Beyond that, give us a call. We’re always willing to help. Feel free to give us a call or send an email to Paul@SafeLawns.org.

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Pollinators: A Must-See Video About the Natural World

If a picture is worth a thousand words, then this 4-minute video is worth an epic tome. Directed by Louie Schwartzberg, the piece speaks to why we need to reduce pesticides . . . far more eloquently than words really ever could: http://www.youtube-nocookie.com/embed/xHkq1edcbk4?rel=0

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French Move to Ban Another Bee-Killing Chemical

The French government has put one of the world’s huge chemical pesticide manufacturers on notice: One of its newer insecticides is killing bees and that product’s days are numbered.

Thiamethoxam — one of many pesticides in the class known as neonicotinoids, or synthetic nicotines — was recently implicated in a report by France’s National Food, Environment and Work Safety Agency. A leading French government official said he plans to notify the manufacturer, Syngenta, that he will push for a full European ban of the product.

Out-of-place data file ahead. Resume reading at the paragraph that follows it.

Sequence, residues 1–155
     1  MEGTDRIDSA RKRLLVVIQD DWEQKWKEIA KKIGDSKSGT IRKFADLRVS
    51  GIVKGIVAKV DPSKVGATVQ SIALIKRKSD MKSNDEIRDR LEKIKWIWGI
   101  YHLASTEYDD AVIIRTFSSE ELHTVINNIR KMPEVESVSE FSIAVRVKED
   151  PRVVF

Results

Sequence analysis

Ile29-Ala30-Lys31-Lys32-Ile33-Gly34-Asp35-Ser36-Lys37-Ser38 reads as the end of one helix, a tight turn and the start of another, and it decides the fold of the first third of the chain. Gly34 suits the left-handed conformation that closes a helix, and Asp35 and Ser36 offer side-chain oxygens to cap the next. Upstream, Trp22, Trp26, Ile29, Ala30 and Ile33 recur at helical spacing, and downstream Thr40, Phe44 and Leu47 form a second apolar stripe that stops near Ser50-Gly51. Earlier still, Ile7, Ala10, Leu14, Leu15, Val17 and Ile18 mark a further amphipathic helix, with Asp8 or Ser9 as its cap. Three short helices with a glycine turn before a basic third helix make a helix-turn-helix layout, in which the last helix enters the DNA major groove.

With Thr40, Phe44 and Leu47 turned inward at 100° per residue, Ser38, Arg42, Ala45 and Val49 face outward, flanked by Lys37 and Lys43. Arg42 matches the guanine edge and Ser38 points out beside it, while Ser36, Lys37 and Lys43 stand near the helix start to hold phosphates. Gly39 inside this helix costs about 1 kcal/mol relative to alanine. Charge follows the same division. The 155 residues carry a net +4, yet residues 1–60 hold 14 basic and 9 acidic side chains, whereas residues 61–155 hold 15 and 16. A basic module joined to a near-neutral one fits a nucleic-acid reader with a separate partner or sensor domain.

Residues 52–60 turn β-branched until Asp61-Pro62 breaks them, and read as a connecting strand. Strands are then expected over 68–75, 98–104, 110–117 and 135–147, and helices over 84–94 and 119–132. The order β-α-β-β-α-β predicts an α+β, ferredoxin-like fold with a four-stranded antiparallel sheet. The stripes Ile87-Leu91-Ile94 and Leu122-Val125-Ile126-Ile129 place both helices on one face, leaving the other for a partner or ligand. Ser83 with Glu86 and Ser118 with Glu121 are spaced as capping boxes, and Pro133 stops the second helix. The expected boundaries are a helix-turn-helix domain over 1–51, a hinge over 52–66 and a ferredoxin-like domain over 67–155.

Here’s the story: http://www.mnn.com/earth-matters/animals/stories/france-to-ban-swiss-pesticide-as-bee-threat

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Avoiding Second-Hand Pesticides: How to Talk to Your Neighbors About Their Lawn Chemicals

This sign lets your neighborhood know where you stand on the applications of pesticides.

Those other signs are ubiquitous these days. “Caution.” “Warning.” “Danger.” “Keep off the Grass.” Usually in yellow, but sometimes in green, gray, red or black, the flags are nearly as plentiful as lawns themselves.